By F McGuire – Re-Blogged From Newsmax
Missing paperwork reportedly may ultimately erase $5 billion dollars of debt for loans that tens of thousands of former students took out over a decade ago.
National Collegiate Student Loan Trusts — a 15-trust company that purchases private student loan debt — reportedly lost the paperwork documenting these loans’ chains of ownership, according to cases brought forward in Pennsylvania and Delaware, the New York Times reported.
The shoddy record-keeping means that if the trust tries to come after students who default on them, they may see the entire debt written off. Judges have dismissed dozens of lawsuits against borrowers who defaulted on student loans from private creditors, the Times reported.
“A review of court records by The New York Times shows that many other collection cases are deeply flawed, with incomplete ownership records and mass-produced documentation,” thew newspaper said.
The trust bought the loans from the banks which granted them originally and not all of the paperwork clearly states who can now rightfully demand payment, the Times reported.
The trusts win many of the lawsuits they file automatically, because borrowers often do not show up to fight. Those court victories, which can be used to garnish paychecks and federal benefits like Social Security, can haunt borrowers for decades.
However, “judges throughout the country, including recently in cases in New Hampshire, Ohio and Texas, have tossed out lawsuits by National Collegiate, ruling that it did not prove it owned the debt on which it was trying to collect,” the Times reported.
The $5 billion accounts for roughly 160,000 loans worth around $30,000, the national average, the Times reported.
“Some of the problems playing out now in the $108 billion private student loan market are reminiscent of those that arose from the subprime mortgage crisis a decade ago, when billions of dollars in subprime mortgage loans were ruled uncollectible by courts because of missing or fake documentation,” the Times reported.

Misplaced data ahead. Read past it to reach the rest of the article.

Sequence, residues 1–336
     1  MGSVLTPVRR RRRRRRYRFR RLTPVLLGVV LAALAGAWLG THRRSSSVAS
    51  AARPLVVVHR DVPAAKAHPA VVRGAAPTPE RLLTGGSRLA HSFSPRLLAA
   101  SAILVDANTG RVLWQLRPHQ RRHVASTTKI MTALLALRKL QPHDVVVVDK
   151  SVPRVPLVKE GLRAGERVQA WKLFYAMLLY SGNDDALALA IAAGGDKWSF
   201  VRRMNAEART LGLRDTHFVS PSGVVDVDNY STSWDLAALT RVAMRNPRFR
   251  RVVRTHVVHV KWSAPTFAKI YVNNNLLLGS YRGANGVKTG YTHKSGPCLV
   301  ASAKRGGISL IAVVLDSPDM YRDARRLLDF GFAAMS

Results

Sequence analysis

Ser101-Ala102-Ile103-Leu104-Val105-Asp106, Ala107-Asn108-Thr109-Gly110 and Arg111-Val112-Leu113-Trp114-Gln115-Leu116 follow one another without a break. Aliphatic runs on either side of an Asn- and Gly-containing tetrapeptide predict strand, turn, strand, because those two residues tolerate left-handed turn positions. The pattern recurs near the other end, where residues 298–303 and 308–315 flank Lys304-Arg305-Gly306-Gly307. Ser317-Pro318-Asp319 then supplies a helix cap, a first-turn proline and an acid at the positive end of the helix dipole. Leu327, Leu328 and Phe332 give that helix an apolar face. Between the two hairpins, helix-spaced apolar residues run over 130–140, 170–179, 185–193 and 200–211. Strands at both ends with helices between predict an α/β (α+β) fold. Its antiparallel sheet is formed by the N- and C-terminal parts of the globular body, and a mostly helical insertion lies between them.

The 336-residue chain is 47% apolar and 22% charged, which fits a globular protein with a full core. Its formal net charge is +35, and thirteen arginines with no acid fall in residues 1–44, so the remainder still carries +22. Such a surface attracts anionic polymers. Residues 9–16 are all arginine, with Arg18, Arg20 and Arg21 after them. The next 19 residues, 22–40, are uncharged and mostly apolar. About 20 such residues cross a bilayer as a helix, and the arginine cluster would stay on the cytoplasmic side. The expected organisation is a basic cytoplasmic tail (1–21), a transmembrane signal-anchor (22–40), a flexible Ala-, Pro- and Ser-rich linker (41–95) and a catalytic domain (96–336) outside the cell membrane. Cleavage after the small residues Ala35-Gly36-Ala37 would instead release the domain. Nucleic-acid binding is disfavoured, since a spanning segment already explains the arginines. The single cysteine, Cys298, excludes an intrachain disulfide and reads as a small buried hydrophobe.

“And like those troubled mortgages, private student loans — which come with higher interest rates and fewer consumer protections than federal loans — are often targeted at the most vulnerable borrowers, like those attending for-profit schools,” the Times reported.
Meanwhile, despite a record-high U.S. stock market and a positive economic outlook, U.S. parents spent less on college tuition during the 2016-17 school year, according to Sallie Mae’s 10th annual “How America Pays for College” report.
Out-of-pocket spending by parents fell to 23 percent from 29 percent of the average amount the typical family pays for college, according to a survey released Monday. That translates to about $5,527 out of the average $23,757 yearly tab, Reuters reported.
That’s the lowest dollar amount spent by parents since 2009, as well as the smallest percentage of the total tuition spent since the study started.
Much of the difference was made up by a big jump in student borrowing to 19 percent of the total, from 13 percent.